Epicentre of militancy: Over two dozen militant groups operating in tribal areas, K-P

Report identifies various groups involved in attacks on security forces, civilians.

Riaz Ahmad June 09, 2014
A confidential report prepared by law enforcement agencies has identified at least 17 militant groups operating in Khyber-Pakhtunkhwa (K-P). PHOTO: AFP/FILE


As the country treads forward with stalled peace talks and intermittent high and low-profile attacks on the state and its populace, a comprehensive security policy is conspicuous in its absence and failure to help the situation on ground.

With the entire process marred by obfuscation, militant attacks continue and as has been the case in the past decade, Peshawar and its neighbouring settled and tribal areas bear the brunt.

A confidential report prepared by law enforcement agencies has identified at least 17 militant groups operating in Khyber-Pakhtunkhwa (K-P) and the adjacent tribal areas that have openly challenged the writ of the state and are actively involved in attacks on security forces and civilian settlements.

Who’s who

The top four groups that operate against the state are al-Qaeda, Tehreek-e-Taliban Pakistan (TTP), Islamic Movement of Uzbekistan and the sectarian outfit Lashkar-e-Jhangvi. These groups are considered the most committed and powerful ones and have openly been attacking state apparatus as well as civilian or ‘soft’ targets.

Next in the list are Ansarul Aseer, Lashkar-e-Khurasan, Ansarul Mujahideen, Jandullah and the Ghazi Force. The report categorises these outfits as ‘splinter groups’.

Seven other militant groups have been identified but are said to have an ‘outward’ look and known to be active in Kashmir or Afghanistan, however, some are said to have carried out attacks on security forces as well. These are Lashkar-e-Tayyaba, Jaish-e-Muhammad, Tehreek-e-Ghalba-e-Islam, Jaishul Adal, Shia militant outfit Sipah-e-Muhammad Pakistan or Mehdi Force in Kurram Agency, Hafiz Gul Bahadar group and the Haqqani network.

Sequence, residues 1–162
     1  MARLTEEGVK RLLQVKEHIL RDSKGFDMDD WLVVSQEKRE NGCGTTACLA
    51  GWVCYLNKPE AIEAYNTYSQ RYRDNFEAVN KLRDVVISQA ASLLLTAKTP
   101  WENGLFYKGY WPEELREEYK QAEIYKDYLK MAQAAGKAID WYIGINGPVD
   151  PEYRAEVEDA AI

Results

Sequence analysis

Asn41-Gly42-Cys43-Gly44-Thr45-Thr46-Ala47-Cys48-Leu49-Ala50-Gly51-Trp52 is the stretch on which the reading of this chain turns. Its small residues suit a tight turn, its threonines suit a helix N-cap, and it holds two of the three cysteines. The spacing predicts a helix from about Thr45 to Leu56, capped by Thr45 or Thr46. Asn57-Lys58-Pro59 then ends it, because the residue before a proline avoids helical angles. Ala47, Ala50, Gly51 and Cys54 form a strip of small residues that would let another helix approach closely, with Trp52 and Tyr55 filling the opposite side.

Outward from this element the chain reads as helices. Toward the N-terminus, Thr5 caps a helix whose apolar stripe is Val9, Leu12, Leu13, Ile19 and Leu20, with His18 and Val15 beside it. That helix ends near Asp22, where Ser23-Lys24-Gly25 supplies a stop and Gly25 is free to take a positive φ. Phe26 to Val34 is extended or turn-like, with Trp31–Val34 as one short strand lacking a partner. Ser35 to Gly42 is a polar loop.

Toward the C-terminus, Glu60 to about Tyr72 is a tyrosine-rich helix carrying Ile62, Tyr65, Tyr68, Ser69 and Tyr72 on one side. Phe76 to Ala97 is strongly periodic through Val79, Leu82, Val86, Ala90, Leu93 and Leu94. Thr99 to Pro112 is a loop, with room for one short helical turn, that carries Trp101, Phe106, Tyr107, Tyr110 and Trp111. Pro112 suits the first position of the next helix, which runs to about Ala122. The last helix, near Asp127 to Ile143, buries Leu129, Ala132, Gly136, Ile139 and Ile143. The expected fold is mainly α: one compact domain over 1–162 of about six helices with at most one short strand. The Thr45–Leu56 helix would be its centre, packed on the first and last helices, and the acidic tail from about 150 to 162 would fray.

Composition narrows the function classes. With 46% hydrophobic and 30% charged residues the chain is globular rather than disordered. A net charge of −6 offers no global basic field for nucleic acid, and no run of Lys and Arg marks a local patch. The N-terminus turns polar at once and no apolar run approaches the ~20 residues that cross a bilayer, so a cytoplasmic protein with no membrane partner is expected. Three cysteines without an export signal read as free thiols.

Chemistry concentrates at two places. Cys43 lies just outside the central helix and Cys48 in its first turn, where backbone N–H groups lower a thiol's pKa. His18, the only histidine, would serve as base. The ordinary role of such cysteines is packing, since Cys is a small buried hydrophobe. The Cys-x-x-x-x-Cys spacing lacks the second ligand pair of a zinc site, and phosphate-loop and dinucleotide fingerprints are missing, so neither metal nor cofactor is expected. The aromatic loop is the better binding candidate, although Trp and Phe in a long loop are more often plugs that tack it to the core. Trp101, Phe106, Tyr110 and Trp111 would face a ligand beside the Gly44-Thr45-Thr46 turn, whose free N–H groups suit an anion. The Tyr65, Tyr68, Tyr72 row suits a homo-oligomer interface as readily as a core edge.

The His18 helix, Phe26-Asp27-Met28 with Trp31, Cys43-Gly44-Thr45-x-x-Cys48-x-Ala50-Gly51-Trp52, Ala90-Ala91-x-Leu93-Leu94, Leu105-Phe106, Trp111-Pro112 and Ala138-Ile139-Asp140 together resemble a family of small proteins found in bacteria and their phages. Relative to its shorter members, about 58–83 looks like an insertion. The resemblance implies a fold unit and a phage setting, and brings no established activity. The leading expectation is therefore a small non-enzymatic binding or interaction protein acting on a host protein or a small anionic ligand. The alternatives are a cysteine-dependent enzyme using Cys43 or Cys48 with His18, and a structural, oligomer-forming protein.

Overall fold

Closer to home

A major militant group operating on the outskirts of Peshawar in Khyber Agency is Lashkar-e-Islam (LI), which started its activities as a pro-government outfit but a clash of interest soon led to attacks against security forces and police. The group has close ties with TTP as well. “LI is probably the largest group in Khyber Agency and was previously believed to have a strength of at least 2,000 men. But that number has reduced considerably after military operations and desertions,” said a police official while talking to The Express Tribune.

Furthermore, in Peshawar, TTP Adezai chapter and LI have been identified as the biggest troublemakers in addition to the Bilal group affiliated with TTP’s Mohmand chapter.

“There is a TTP Mardan chapter as well which is affiliated with its counterparts in Khyber Agency,” informed the official.

On the outskirts of Peshawar, the Suleman Khel/Adezai group comprises around three dozen men and operates in Mattani, Badhaber as well as Akka Khel area of Khyber Agency. It carries out attacks inside the city, reveals the report, which also discloses the presence of at least 45 LI activists in Badhaber alone.

“The Suleman Khel group is operating under the command of Shahid, a local resident, while the overall commander in Peshawar is Jangrez Khan,” informed the official. Aurangzeb alias Omar, a resident of Adezai, was now the head of TTP’s Dara Adam Khel faction after the death of Tariq Mazeed Khel, one of the group’s four founding members, he added.

The Ministry of Interior last year sent a letter to the province pointing out in depth the involvement of TTP offshoots in extortion and kidnappings for ransom, said the official.

As per the letter, the Pir Saifur Rehman, Ziaur Rehman and Moeenuddin groups of Orakzai Agency as well as the Taj Moeen group of Lachi, Kohat and Zari Muhammad group of Qamar Dhand have been identified as outfits that are active in Kohat district.

A convoluted mix

As if the story was not complicated enough, the letter had revealed the presence of several more groups operating at lower tiers. “TTP has many branches and offshoots like those in Dara Adam Khel, Bajaur Agency, Mohmand Agency and the Hakimullah group and they cooperate closely whenever their interests are at stake but are otherwise independent of one another,” said a security official.

The number of militants who travel back and forth between the Afghan border stands at around 100 in Chitral. Moreover, around 100 militants are said to be operational in Dir and Swat, 250 each in Bajaur and Mohmand agencies and around 600 in Khyber Agency. Moreover, in Mirali, Miranshah, Shawal and Azam Warsak areas of North and South Waziristan their strength is around 7,500, informed the police official. 

Published in The Express Tribune, June 10th, 2014.


Shuaib | 8 years ago | Reply

Well if they know their whereabouts, I suppose it's possible to eliminate all the ones which are no in Wazirstan. The South Waziristan ones want peace anyway. So put those 2,600 to a side and we have 4,900 left. All out war it is then. They have left no option for the government.

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